Militants push into Sunni heartland

Al-Qaida-inspired militants have pushed deeper into Iraq’s Sunni heartland, conquering Saddam Hussein’s hometown of Tikrit as soldiers and security forces yielded ground once controlled by US forces.

Militants push into Sunni heartland

Al-Qaida-inspired militants have pushed deeper into Iraq’s Sunni heartland, conquering Saddam Hussein’s hometown of Tikrit as soldiers and security forces yielded ground once controlled by US forces.

The advance into former insurgent strongholds that had largely been calm before the Americans withdrew less than three years ago is fuelling fears that Iraqi prime minister Nouri al-Maliki, struggling to hold onto power after indecisive elections, will be unable to stop the Islamic militants as they press closer to Baghdad.

Fighters from the Islamic State of Iraq and the Levant (ISIL) militant group took control of much of Iraq’s second-largest city, Mosul, sending an estimated half a million people fleeing from their homes.

As in Tikrit, the Sunni militants were able to move in after police and military forces abandoned their posts after relatively brief clashes.

The group, which has seized wide swathes of territory, aims to create an Islamic emirate spanning both sides of the Iraq-Syria border.

The capture of Mosul – along with the fall of Tikrit and the militants’ earlier seizure of the western city of Fallujah – have undone hard-fought gains against insurgents in the years following the 2003 invasion by US-led forces.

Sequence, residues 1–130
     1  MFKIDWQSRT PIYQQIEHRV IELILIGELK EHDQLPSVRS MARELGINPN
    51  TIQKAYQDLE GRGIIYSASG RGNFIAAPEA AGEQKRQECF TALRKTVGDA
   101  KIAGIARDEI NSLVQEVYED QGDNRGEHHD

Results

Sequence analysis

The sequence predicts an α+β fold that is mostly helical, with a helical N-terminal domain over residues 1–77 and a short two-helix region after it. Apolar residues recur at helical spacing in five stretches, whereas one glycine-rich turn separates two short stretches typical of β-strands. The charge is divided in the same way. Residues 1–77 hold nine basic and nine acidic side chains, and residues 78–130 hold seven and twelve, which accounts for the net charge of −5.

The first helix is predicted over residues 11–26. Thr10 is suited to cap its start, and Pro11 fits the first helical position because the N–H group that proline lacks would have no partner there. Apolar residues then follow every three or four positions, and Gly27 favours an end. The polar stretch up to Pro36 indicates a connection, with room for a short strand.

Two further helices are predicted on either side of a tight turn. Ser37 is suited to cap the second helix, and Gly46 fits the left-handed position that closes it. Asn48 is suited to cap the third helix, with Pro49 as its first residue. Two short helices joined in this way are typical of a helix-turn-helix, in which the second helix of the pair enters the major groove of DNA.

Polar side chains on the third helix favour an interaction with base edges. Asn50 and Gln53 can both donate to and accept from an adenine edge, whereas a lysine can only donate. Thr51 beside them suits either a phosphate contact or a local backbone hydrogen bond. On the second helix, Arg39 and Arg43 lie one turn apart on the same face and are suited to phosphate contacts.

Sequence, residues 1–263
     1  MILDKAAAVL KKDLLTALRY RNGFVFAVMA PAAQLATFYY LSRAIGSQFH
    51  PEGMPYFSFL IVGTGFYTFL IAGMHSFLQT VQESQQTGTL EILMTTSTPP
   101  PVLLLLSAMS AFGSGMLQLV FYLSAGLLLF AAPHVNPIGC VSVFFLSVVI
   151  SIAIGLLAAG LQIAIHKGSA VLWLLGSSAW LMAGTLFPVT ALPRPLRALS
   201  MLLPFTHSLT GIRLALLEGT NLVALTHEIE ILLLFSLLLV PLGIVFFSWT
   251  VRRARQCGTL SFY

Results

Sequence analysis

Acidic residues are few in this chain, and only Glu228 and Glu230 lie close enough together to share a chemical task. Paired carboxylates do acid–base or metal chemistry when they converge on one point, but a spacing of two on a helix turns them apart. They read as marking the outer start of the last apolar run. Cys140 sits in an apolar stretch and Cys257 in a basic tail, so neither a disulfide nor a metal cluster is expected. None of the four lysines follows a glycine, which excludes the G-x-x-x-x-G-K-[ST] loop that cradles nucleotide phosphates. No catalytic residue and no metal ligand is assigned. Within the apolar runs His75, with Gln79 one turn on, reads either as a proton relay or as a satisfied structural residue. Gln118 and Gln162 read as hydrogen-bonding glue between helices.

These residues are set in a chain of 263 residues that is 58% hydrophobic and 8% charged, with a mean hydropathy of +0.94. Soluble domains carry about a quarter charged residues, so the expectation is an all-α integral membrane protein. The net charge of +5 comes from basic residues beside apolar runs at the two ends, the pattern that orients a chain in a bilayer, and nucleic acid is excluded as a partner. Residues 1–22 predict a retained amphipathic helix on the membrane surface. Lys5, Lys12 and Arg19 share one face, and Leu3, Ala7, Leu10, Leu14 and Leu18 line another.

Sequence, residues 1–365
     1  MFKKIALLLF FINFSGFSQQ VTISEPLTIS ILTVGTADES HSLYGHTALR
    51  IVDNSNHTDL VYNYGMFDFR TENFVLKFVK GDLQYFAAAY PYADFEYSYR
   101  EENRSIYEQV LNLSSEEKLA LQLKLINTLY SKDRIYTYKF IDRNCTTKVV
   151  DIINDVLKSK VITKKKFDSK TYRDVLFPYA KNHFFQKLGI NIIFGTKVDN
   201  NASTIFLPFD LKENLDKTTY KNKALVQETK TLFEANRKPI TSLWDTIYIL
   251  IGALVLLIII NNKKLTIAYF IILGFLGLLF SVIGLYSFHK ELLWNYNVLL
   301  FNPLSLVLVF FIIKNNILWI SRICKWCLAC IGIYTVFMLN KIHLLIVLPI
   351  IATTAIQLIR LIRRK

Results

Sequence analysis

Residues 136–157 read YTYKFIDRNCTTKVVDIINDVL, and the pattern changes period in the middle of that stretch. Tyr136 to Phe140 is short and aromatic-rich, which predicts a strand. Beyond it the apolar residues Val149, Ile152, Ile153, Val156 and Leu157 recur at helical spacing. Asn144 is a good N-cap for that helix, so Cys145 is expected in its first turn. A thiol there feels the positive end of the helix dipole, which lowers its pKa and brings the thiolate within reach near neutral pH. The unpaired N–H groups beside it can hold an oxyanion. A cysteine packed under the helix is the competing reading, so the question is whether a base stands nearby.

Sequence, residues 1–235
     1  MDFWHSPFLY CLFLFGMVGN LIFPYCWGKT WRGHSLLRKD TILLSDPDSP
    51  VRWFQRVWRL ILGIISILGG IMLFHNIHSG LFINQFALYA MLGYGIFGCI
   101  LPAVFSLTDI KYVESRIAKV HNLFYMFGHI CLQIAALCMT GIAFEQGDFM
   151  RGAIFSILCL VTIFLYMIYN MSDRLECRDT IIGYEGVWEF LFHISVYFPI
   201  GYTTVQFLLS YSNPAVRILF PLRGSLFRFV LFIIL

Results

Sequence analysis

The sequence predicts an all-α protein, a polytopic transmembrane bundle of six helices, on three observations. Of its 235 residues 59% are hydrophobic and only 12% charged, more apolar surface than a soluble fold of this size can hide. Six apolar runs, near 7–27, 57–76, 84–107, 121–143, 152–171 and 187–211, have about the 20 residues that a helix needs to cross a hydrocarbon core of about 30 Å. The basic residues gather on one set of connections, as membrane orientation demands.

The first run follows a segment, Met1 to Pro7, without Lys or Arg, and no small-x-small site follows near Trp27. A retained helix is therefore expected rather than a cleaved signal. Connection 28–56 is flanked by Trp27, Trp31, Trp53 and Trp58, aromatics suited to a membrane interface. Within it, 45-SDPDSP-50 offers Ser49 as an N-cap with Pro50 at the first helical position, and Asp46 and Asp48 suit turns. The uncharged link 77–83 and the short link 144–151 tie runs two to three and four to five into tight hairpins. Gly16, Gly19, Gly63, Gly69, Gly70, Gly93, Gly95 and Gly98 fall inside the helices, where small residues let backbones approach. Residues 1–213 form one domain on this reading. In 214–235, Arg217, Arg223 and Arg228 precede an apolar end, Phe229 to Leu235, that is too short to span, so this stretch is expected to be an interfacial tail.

The White House said the security situation has deteriorated over the past 24 hours and that the United States was “deeply concerned” about ISIL’s continued aggression.

There were no reliable estimates of casualties or the number of insurgents involved, though several hundred gunmen were in Tikrit and more were fighting on the outskirts, according to Mizhar Fleih, the deputy head of the municipal council of nearby Samarra. An even larger number of militants would have been needed to secure Mosul, a much bigger city.

The militants gained entry to the Turkish consulate in Mosul and held captive 48 people, including diplomats, police, consulate employees and three children, according to an official in the office of Turkish prime minister Recep Tayyip Erdogan. Turkish officials believe the hostages are safe for now.

The White House said in a statement that Vice President Joe Biden spoke with Mr Erdogan and called for the safe and immediate return of the Turkish personnel and family members.

“The Vice President told Prime Minister Erdogan that the United States is prepared to support Turkey’s efforts to bring about the safe return of its citizens,” the statement said.

Turkish officials did not make any public comment on the seizure, but the state-run Anadolu Agency reported that Mr Erdogan convened an emergency Cabinet meeting.

UN Secretary-General Ban Ki-moon strongly condemned the abductions and the seizure of Iraqi territory by the militants, urging “the international community to unite in showing solidarity with Iraq as it confronts this serious security challenge”.

“Terrorism must not be allowed to succeed in undoing the path towards democracy in Iraq,” Mr Ban said.